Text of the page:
WALES’ health minister has admitted he would have made “different choices” in the early days of responding to the coronavirus pandemic, but denied the Welsh Government had been “cavalier” in its approach.

Vaughan Gething said that, had he been armed with the knowledge he now has, then the Government would have done things differently.

Mr Gething made the admission while appearing on the BBC Politics Wales show, where he was questioned about the discharging of 1,300 patients from hospitals into care homes during March and April.


The blanket coronavirus testing of patients being discharged from hospital into care homes in Wales did not begin until the end of April – meaning some of the 1,300 could have had Covid-19 and passed it to other residents.

“It should always have been the case that anyone who was symptomatic should have been tested and that was our understanding of the science and the evidence at the time when all of the choices were made,” Mr Gething said.

“We of course developed further understanding and further knowledge, so if I had the knowledge I have today, I’d have probably made different choices at a number of points in the coronavirus pandemic.

“We certainly haven’t taken a cavalier approach.

“The safety of the people in Wales has always been the driving force in the choices we’ve made, right from the choice to stop large areas of NHS activity in the middle of March, to the way we’ve done the testing strategy, to where we are now.”

The latest figures from Public Health Wales show a further three people have died after testing positive for Covid-19, taking the total number of deaths in Wales to 1,444.

The total number of cases increased by 39 to 14,742.

The declining number of deaths in Wales comes as the Welsh Government prepares to review the lockdown measures, with expectation there may be some loosening of the regulations.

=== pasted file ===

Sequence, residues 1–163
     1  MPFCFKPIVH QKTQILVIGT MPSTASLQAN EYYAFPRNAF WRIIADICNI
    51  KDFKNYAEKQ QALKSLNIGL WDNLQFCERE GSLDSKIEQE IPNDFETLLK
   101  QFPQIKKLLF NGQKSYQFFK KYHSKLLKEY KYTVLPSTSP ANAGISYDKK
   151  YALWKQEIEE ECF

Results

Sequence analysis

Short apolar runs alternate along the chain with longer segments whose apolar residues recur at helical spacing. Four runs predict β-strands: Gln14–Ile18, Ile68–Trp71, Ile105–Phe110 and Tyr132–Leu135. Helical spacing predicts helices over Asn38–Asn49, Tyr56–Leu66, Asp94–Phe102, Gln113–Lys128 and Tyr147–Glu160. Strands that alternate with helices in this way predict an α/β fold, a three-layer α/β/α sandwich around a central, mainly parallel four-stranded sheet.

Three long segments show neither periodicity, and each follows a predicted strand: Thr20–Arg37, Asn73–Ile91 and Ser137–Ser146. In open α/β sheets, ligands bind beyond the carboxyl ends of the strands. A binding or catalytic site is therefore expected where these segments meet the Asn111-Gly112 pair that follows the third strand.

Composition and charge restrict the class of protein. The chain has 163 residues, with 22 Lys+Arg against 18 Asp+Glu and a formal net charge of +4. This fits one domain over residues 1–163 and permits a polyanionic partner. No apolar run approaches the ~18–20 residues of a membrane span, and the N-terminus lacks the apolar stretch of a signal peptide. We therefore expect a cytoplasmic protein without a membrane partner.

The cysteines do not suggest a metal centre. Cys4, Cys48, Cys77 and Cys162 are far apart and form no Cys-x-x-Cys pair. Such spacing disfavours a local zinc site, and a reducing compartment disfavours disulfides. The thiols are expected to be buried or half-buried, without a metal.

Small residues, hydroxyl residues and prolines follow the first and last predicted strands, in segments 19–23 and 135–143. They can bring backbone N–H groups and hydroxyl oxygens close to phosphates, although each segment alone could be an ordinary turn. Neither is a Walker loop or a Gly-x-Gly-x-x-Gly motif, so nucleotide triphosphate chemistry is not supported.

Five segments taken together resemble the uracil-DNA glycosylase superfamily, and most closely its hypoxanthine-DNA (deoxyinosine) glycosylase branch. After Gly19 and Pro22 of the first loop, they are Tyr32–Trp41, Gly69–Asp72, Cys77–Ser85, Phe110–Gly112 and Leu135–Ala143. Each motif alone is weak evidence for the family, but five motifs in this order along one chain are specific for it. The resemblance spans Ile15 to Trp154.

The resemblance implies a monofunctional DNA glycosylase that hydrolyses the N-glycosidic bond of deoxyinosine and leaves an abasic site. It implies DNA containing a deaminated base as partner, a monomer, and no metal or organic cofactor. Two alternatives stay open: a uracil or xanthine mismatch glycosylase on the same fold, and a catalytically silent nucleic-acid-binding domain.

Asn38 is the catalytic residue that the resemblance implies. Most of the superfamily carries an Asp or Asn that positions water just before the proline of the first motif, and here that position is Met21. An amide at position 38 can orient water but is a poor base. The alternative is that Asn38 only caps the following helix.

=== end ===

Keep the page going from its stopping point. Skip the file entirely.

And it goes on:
On Friday, First Minister Mark Drakeford said Wales would continue with its cautious approach and would not be pressured into following England’s speedier approach.

In Wales people are restricted to journeys of five miles for leisure and non-essential shops remain closed.

But in England, there is no travel limit and shops are reopening from Monday.

Mr Gething said the restrictions in Wales could ease this week but the objective was to keep Wales safe and people could expect to see a “different kind of normal”.

“We may have some more headroom because of the efforts of the people of Wales in following the lockdown rules and guidance,” he said.

“The Cabinet will discuss that this week. We’ve already signalled that we want to see pupils return to schools in a very different way at the end of this month.

“We’ve already signalled that we would like to be in a position to open up more non-essential retail.

“It will be a very different kind of normal.”

But the minister rejected calls for the two-metre social distancing rule to be reduced to one metre.

“The two-metre rule is there to keep us safe as there is very clear advice from the Scientific Advisory Group for Emergencies (Sage) across the UK to keep the two-metre rule and that’s the position we’ll adopt in Wales,” he added.

The Welsh Government has also updated the official guidance on the use of face masks, including in the health and social care sector and for the vulnerable.